The first keynote address of the Game Developers Conference kicked off the event properly today, with Microsoft's John Schappert stepping up to deliver "A Future Wide Open: Unleashing the Creative Community".
Although John Schappert had been billed as the speaker, Microsoft relied heavily on its developer friends to carry the keynote, as gameplay demos mixed with lighting technology, cute spoof documentaries shared the stage with XNA tools, and new game announcements and brave handheld ambitions were unveiled.
Schappert took the stage relaxed and calm, gently mocking the headline-grabbing antics of these show-boating affairs. "As a new guy here at Microsoft there's an expectation that I'll come out here with a gaming tattoo, or give away a truck load of HDTVs. Sadly, I have neither — no tats, no TVs," he said. The stage wasn't drenched with branding either. This was a confident and welcoming start to the hour long presentation.
As head of Microsoft's Xbox Live services, Schappert launched into the theme of the keynote — developers are key to the Xbox 360's success, and it's the community, collaboration and camaraderie between the two that is singling Xbox 360 out from its competitors. This keynote wasn't a pissing contest, this keynote was a love-in. By the end of the session, all of "our good friends" would have wandered on to the stage and showed off their wares to enthusiastic applause.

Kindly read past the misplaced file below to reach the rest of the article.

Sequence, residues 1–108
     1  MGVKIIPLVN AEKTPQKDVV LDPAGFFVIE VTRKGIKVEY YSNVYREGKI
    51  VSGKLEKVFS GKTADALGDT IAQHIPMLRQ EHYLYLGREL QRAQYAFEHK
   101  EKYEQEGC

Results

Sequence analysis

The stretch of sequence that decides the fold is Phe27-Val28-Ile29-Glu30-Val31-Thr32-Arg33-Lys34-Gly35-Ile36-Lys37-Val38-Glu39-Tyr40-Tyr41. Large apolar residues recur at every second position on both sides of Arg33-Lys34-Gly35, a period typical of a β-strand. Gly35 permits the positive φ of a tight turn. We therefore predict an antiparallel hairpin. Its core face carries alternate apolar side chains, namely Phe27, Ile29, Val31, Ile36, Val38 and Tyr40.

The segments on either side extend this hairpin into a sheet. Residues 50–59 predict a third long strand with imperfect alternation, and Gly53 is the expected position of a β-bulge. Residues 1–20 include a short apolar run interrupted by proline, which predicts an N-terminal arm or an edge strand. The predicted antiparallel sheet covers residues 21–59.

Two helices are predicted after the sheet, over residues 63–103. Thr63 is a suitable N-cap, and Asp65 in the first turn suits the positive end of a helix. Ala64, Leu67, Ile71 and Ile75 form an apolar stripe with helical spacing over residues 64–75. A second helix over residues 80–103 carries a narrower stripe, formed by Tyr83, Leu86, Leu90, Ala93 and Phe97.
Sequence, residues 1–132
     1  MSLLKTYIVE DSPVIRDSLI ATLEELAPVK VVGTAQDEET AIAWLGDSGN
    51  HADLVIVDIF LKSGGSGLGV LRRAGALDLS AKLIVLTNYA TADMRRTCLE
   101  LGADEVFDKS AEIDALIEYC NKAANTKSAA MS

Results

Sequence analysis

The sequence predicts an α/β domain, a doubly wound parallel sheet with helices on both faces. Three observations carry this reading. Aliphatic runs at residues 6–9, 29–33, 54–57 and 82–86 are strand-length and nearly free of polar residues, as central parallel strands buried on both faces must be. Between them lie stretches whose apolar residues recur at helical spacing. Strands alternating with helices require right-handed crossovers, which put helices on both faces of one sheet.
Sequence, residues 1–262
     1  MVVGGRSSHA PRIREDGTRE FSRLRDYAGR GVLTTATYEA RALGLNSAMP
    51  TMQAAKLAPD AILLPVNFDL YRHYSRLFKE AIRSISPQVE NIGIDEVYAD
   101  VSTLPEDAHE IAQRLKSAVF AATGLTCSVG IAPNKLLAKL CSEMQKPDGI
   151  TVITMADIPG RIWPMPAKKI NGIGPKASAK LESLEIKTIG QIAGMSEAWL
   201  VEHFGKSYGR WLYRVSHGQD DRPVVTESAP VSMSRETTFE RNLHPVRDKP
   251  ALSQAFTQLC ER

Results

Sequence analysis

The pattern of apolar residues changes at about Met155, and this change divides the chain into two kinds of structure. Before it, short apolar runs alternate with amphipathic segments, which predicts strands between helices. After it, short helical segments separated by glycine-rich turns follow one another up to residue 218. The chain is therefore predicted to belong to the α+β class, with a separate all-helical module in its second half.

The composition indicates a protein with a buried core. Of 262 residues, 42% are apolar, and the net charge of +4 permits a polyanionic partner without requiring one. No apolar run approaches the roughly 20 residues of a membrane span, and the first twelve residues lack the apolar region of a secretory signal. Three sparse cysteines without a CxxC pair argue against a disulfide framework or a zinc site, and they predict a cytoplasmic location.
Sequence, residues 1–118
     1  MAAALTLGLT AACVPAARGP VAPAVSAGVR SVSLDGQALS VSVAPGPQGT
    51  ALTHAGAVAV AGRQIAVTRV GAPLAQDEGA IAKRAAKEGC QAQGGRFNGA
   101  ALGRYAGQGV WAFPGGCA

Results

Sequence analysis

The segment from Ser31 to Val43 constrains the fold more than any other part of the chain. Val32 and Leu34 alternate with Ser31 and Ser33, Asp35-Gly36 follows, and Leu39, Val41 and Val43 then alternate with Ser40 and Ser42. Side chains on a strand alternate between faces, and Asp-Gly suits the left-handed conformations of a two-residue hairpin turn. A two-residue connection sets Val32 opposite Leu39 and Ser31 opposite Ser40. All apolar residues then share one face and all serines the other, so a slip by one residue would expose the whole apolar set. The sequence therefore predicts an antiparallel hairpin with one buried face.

"For all of the hardware innovations and all of the runaway growth of our industry, it's the developers that are the true pioneers of our industry," stated Schappert. "It's my top priority to invest in your success and your creativity."
With a recap of 2007, Schappert rolled out a list of big-hitting games that Microsoft has been proud to see running on their console. The big hitters of last year — Call of Duty 4, Halo 3, BioShock, Assassin's Creed - "led the way for a holiday season where Xbox 360 drove more software revenue than any platform in history," he said.
"You probably heard for years that our industry generates more money than the box office, but that was from a few years ago," commented Schappert. "What you might not know, is that according to Juniper Research, as of 2007, gaming is also bigger than the music industry on a global basis."
With the might of the development community behind Microsoft, the other key point of Schappert's session was empowering the user. He believes that Microsoft is again helping to lead the charge of user interaction, and bringing developers and users together via Xbox Live is pushing the 360 to new heights in 2008.
"The Halo 3 community is uploading approximately 100,000 pieces of user-created content each and every day. Every day the Halo community alone is uploading 30 per cent more content than all of the daily uploads on YouTube. With opportunities like this Xbox Live is truly changing our industry," he said.